The very first step during the reconstruction of the old data sets involved the sorting and identification of all available data, which existed in very different forms (digital or analogue) and conditions. This included for example old bathymetric charts, print-outs of old ship navigation data as well as plots of sampling device operations (OFOS, Side-Scan Sonar etc.), hand-written analyses and various data files that needed to be assessed and categorized, to merge all information and to create an individual data base for each cruise.

In a next step the available data were digitalized, including over 30,000 slides taken in the course of the 42 OFOS operations conducted during the four research cruises and after being processed were then uploaded to the DIAS database to enable detailed faunal studies of the Peru Basin. Furthermore, old navigation tracks of both the ship and different sampling gear were digitalized and reconstructed using broadsheet scanners and various software (e.g. OFOP), respectively. In addition, the old station lists and further information, such as side-scan sonar (SSS) tracks and bathymetric information were digitalized to incorporate all availabke information into the individual data bases.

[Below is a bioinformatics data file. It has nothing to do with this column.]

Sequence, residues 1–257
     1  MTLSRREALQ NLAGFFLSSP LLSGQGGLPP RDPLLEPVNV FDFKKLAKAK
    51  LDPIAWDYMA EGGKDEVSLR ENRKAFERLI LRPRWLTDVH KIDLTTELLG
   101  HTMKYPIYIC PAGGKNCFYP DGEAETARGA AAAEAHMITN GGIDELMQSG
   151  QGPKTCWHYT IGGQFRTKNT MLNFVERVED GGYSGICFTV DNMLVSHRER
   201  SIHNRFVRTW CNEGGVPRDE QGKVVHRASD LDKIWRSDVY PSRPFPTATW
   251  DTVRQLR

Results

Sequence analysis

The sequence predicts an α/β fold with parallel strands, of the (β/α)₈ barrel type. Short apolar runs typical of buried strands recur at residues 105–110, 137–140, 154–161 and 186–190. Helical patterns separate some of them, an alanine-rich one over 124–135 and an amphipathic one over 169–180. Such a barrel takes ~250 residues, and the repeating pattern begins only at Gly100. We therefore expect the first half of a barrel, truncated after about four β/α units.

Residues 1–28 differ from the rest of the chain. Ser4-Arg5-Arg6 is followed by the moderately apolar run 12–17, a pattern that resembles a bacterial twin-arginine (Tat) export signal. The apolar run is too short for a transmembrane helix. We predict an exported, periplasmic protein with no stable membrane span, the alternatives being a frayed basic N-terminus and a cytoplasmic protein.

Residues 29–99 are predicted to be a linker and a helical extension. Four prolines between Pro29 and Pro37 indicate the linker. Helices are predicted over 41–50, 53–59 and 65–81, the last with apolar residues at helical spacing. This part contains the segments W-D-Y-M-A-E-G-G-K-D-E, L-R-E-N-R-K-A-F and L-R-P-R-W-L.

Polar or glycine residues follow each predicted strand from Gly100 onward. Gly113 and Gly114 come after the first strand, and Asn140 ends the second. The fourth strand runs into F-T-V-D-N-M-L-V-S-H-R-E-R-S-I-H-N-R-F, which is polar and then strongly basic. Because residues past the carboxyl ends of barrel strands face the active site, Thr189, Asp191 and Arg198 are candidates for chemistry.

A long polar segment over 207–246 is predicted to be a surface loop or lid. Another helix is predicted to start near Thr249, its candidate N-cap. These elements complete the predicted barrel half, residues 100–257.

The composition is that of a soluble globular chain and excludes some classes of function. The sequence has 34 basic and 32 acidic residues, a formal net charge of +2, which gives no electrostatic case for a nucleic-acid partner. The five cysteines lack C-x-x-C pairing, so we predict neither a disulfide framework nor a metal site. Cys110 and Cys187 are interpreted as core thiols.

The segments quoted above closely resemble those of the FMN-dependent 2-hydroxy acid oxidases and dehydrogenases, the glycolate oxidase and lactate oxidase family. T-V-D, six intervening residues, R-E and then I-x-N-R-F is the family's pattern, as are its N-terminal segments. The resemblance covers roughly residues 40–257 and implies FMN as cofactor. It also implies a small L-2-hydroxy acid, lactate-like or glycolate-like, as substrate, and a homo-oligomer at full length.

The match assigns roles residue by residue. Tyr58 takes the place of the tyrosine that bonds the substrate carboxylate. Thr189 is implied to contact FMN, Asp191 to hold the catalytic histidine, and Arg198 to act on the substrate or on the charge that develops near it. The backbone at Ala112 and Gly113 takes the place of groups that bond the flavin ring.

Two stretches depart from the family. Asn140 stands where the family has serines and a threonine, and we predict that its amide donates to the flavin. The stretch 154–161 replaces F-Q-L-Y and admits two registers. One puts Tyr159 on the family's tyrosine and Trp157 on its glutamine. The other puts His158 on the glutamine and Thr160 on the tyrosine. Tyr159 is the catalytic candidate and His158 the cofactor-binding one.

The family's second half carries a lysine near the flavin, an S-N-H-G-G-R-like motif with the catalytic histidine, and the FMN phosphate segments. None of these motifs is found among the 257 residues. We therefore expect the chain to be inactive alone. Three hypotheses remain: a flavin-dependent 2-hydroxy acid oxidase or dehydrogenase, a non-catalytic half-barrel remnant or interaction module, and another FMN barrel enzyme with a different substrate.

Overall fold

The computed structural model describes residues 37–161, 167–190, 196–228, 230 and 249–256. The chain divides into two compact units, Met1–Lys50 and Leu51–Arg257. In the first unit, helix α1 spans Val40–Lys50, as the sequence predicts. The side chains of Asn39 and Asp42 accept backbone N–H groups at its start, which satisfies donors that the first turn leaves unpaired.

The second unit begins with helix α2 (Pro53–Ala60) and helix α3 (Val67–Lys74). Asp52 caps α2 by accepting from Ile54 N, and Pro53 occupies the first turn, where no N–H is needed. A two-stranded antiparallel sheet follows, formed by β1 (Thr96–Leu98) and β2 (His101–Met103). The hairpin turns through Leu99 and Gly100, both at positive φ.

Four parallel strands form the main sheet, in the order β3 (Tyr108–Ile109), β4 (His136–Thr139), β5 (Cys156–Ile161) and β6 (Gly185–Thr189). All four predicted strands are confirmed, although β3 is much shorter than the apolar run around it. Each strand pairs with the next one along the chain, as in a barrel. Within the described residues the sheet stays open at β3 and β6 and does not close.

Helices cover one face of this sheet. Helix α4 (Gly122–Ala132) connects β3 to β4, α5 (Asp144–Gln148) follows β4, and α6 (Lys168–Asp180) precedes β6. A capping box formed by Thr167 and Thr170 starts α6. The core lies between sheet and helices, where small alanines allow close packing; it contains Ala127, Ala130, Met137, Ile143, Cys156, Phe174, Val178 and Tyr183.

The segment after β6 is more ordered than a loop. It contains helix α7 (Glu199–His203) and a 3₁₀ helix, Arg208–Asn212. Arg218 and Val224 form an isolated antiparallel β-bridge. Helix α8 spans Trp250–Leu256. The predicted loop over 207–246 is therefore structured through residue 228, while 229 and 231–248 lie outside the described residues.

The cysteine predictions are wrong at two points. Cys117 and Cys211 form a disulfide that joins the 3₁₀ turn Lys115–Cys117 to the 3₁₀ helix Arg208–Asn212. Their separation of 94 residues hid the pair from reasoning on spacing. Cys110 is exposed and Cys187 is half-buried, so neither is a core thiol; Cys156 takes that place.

Once the data were available in a digital form, the information was visualized to gain more detailed insight into the sampling distribution and density during the former cruises to the DISCOL area to have a basis for the station planning for the JPI Oceans Pilot Action "Ecological Aspects of Deep-Sea Mining".